Kill Or Cure? the feedback dilemma
It’s difficult to hear someone say they don’t understand the particular part of your writing that, in fact, was the bit you loved most – and what you based the whole piece on – and to know whether it is their failing or yours. It’s difficult to take on suggestions that come from someone else’s head when all the original writing comes from your head. Will their suggestions mix successfully with what’s there already? Sometimes yes, sometimes no. To me it’s like being invaded. Or being spoken to in a foreign language. It’s difficult, above all, to know whom to trust to suit your particular style and voice. If we all received and acted upon feedback from the same critic, wouldn’t the literary world be a dull place?
Sometimes (or maybe often!) I write something and it’s not good. I get so wrapped up in keeping going and producing words I don’t see until I come back later that it’s not working. When I read it again I see that it’s collapsing under the sheer floppiness of its weak characters and lack of structure. It needs to be ditched, begun again or completely re-renovated. But, amazingly, if I show it to someone else they can see what I have lost: a good twist, an interesting starting point or a thought-provoking dilemma. Maybe the skeleton is broken but there are some good bones worth putting back together. Are they right, though? Should I work through it using something that someone else has recommended? Or should I stick with my gut instinct and drop it? Someone else’s “promising” might be my waste of time, after all.
Or sometimes I write something that tumbles out of me. Strong characters play in my head and soar through my fingertips, and interact in ways that make me feel as if I am merely a tool to record their story. Conflicts, dilemmas, actions, conversations, resolutions, all layer up and slide into the laptop, and “afterwords” (do you like my typo?) I sit back and smile, knowing I’ve enjoyed the ride – which surely means that someone will really enjoy the read…? It’s one of the best things I’ve ever written and it will be one of the best things my reader has read for a while, yes? Well no. Unfortunately it doesn’t always happen like that. The very first person who reads it may not get that ride, that enjoyment that I thought I was sharing. Are they right? How many more people should read it, then, until I decide whether it’s as good as I first thought it was? Do I keep looking and waiting for my ideal reader? Do I take advice and change it? But whose advice do I take? Who do I trust? What if everyone who has read it has said something different? Oh maybe I shouldn’t have shown it to anyone! Maybe I should have just submitted it to a magazine or a competition or self-published it or just shared it on my blog!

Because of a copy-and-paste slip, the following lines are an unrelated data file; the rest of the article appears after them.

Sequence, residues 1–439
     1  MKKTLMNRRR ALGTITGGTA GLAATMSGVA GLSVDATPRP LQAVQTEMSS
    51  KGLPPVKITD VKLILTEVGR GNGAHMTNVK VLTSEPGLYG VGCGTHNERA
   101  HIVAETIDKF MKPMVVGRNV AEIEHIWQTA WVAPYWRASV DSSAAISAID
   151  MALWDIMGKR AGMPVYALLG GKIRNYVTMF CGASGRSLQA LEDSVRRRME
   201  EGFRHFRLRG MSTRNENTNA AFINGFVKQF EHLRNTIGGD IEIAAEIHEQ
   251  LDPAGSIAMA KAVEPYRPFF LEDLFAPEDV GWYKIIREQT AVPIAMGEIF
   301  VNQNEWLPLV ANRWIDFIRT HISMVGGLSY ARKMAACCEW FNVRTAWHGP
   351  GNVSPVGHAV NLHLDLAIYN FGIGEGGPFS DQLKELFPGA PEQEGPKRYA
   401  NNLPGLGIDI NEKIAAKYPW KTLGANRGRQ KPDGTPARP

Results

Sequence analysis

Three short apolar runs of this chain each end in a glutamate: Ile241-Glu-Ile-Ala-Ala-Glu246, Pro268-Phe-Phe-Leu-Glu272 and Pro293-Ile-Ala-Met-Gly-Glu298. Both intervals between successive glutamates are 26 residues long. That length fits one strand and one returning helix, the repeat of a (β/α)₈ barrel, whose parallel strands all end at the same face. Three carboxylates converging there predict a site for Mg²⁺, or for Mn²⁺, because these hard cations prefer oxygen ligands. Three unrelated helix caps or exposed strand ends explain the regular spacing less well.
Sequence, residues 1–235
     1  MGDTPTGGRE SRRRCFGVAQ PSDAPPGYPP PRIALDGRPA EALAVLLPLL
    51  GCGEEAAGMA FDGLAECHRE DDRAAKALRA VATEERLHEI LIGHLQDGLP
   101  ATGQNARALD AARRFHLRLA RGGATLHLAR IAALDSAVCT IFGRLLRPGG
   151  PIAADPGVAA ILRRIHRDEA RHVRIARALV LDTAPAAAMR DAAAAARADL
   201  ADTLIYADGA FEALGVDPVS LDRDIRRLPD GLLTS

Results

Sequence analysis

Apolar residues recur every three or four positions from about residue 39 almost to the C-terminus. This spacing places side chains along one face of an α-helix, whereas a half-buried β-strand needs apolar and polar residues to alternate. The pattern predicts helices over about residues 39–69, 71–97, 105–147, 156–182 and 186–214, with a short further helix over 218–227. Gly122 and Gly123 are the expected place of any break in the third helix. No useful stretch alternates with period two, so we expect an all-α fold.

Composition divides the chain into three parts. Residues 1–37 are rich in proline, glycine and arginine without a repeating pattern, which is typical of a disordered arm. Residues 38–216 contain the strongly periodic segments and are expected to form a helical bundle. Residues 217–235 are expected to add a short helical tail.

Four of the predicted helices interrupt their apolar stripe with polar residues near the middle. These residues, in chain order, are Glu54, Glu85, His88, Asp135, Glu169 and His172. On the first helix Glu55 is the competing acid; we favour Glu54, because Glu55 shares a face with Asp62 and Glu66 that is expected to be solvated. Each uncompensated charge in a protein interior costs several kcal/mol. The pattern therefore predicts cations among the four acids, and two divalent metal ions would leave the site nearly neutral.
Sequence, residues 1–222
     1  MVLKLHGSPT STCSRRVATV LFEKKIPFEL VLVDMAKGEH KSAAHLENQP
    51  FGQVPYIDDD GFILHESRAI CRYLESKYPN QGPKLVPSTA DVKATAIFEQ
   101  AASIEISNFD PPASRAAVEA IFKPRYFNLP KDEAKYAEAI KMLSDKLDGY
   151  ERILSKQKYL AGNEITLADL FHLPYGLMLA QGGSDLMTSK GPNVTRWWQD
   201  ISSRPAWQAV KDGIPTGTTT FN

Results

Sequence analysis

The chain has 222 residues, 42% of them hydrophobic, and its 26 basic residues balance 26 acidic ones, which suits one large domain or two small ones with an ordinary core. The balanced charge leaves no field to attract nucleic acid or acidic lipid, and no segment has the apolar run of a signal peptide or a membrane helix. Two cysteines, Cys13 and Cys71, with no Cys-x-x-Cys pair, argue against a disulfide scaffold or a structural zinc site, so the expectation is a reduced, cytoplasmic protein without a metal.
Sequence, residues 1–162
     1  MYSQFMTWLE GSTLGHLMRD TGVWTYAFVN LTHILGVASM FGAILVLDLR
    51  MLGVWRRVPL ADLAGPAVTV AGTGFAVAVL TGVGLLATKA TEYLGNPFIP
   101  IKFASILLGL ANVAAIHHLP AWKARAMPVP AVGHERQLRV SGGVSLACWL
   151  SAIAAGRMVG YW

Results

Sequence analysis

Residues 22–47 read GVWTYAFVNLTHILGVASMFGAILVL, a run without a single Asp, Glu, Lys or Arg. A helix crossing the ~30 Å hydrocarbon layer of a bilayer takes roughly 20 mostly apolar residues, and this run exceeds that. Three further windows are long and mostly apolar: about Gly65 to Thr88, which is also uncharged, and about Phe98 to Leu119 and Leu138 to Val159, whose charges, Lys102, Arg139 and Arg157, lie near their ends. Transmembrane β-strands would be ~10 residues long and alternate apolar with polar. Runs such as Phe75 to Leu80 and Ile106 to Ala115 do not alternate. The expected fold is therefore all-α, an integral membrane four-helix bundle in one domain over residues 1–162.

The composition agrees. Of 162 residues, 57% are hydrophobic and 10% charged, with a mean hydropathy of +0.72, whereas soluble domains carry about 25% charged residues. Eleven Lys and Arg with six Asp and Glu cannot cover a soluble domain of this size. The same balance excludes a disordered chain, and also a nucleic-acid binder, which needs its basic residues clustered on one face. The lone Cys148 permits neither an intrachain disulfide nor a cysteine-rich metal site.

What about the times you submit something for publication, a competition, an anthology, etc and you simply get no reply? Or after a while you merely get a “No thanks.” Isn’t that worse? Don’t we want to know why?
If you’re writing for the sheer love of it, though, should you be constantly putting yourself in situations where you get knocked back and you’re not sure who’s right or wrong?
I don’t think there is an answer to this. It depends who you are, why you are writing, what your intended outcome for each piece of writing is and what you hope to achieve personally from not just writing but from every individual piece you write. And your favourite person to give feedback may not be the best person to give feedback and vice versa.
I guess I have a kind of conclusion though: Messages can get lost in our writing, mistakes do get made, and clunking great errors do absolutely need sorting out because there’s very little point writing to be read if something isn’t working.
So, in my opinion, it’s important to find out what it is we are writing and find a few people who we would consider our ideal reader and don’t bother with those who have no interest in reading something of our genre – and that includes loved ones.
And learn to take the knocks.
Which ones are deserved, though, and which are not will still always need filtering and I, for one, will never get that right.
N.B. Although feedback and the reader’s experience is something that is always on my mind and this post is a common theme among writers, it has been inspired today by a disappointing grade from my final writing course result. The disappointment has been heightened by simply not knowing why?
I have no feedback to go on other than a percentage, which is at least 15% less than I was expecting. I’m usually pretty self-critical but I felt that the story I wrote was one of the best things I’d ever written and yet it got the lowest mark of all my work this year. However tough to take, if something doesn’t work for someone, I absolutely need to know why.